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When will I ovulate after taking letrozole?

Medically reviewed by Sally Chao, MD. Last updated on July 30, 2021.

Official answer

by Drugs.com

Letrozole is taken to stimulant ovulation in women who are having difficulty conceiving. If the course of letrozole is successful (results in ovulation), then ovulation should occur along the normal time course of your menstrual cycle: approximately 12 to 16 days after the first day of your menstrual bleeding.

There are ways to monitor for ovulation to determine when the best chance is to conceive.

Infertility is the inability to get pregnant after 1 year of having sexual intercourse on a consistent basis without the use of birth control. The most common cause of female infertility is problems with ovulation.

Letrozole is used to stimulate ovulation. It does this by affecting certain female hormone levels. Once successful ovulation is achieved, the egg may be fertilized through timed sexual intercourse, intrauterine insemination or in vitro fertilization.

The normal menstrual cycle consists of three phases. The second phase is called the ovulatory phase. It occurs anywhere between 12 and 16 days after the first day of menstrual bleeding. When you take letrozole to stimulate ovulation, it supports this normal timeframe of ovulation if it works.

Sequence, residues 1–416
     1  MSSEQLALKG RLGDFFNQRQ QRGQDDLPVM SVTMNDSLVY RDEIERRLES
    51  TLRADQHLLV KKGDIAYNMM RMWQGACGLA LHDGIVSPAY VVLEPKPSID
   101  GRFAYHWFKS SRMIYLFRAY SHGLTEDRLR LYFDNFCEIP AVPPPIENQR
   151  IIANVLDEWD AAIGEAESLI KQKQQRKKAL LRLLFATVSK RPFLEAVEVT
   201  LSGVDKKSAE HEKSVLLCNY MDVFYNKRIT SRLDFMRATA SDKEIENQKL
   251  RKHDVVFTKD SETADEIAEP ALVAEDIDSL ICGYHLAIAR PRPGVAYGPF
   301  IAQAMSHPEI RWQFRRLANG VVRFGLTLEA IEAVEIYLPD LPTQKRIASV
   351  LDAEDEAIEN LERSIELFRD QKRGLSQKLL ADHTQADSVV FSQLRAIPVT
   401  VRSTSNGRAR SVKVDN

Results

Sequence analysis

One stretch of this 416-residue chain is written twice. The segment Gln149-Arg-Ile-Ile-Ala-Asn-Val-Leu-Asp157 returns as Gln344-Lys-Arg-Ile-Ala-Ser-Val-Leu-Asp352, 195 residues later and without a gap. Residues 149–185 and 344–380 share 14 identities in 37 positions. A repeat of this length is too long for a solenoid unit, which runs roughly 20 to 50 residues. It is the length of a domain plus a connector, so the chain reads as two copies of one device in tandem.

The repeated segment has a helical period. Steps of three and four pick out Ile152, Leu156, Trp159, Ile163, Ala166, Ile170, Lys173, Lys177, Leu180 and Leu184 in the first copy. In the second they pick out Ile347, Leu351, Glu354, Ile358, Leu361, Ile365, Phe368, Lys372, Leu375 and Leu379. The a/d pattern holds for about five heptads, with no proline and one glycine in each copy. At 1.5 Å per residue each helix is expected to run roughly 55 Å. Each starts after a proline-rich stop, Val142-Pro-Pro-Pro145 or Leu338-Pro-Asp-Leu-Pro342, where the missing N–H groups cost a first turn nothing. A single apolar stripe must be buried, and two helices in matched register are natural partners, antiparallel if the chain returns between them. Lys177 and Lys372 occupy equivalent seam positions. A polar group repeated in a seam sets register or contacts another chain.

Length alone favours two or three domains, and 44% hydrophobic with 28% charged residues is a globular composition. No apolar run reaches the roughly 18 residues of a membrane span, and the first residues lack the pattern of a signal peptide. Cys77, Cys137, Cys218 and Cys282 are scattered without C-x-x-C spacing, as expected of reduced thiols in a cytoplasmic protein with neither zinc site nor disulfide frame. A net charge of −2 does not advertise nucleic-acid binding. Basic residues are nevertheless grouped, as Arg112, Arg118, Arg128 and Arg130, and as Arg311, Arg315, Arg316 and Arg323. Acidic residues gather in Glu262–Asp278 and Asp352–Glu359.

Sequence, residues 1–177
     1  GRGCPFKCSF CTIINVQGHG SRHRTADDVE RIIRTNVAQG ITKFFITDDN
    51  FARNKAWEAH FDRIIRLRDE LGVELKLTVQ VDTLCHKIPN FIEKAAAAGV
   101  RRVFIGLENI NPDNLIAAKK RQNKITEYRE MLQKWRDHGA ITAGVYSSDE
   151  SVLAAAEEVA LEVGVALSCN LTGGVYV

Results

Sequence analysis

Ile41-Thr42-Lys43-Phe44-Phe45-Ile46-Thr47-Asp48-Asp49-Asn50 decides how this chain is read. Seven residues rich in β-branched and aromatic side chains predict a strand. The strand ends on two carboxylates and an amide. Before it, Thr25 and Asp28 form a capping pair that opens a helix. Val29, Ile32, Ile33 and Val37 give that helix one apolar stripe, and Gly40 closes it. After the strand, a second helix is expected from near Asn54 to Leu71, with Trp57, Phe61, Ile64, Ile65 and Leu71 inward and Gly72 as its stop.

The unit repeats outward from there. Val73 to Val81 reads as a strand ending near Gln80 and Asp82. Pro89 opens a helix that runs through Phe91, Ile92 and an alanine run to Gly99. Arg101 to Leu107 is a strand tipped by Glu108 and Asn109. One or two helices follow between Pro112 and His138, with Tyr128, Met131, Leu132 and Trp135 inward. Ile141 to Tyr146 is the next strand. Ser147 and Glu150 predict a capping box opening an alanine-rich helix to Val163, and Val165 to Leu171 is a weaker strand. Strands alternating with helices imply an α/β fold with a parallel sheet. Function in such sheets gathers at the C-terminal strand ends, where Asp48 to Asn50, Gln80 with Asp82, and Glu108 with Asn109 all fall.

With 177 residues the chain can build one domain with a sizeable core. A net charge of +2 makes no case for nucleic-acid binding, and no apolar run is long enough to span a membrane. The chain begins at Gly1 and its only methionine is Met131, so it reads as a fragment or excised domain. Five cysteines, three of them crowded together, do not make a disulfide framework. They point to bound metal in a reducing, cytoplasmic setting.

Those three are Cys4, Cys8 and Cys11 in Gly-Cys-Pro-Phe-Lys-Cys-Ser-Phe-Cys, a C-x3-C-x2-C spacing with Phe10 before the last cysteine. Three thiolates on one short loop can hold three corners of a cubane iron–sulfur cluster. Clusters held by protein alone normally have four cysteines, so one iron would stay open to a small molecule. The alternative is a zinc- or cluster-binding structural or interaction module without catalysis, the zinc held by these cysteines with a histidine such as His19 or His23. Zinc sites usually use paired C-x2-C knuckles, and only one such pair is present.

There are several ways to monitor ovulation:

  • Blood samples may be taken to measure hormone levels.
  • An ultrasound of the ovaries may be performed to look at the follicles where a woman's eggs reside and mature.
  • Your body temperature rises just after ovulation, so body temperature may be tracked.
  • There are also home ovulation-predictor kits that measure the levels of a hormone called luteinizing hormone in your urine.

In a study that looked at the use of letrozole for stimulating ovulation, women with polycystic ovary syndrome were permitted to take up to 5 courses of letrozole in an attempt to conceive. In the study:

  • About 62% of all letrozole treatment cycles resulted in ovulation
  • About 89% of the women taking letrozole successfully ovulated
  • About 41% of the women conceived
References
  1. American Society for Reproductive Medicine (ASRM). Medicines for Inducing Ovulation. 2016. Available at: https://www.reproductivefacts.org/news-and-publications/patient-fact-sheets-and-booklets/documents/fact-sheets-and-info-booklets/medications-for-inducing-ovulation-booklet/. [Accessed July 19, 2021].
  2. American College of Obstetricians and Gynecologists (ACOG). Fertility FAQs. October 2019. Available at: https://www.acog.org/womens-health/faqs/treating-infertility. [Accessed July 19, 2021].
  3. Legro RS, Brzyski RG, Diamond MP, et al. Letrozole versus clomiphene for infertility in the polycystic ovary syndrome. N Engl J Med. 2014;371(2):119-129. https://doi.org/10.1056/nejmoa1313517.

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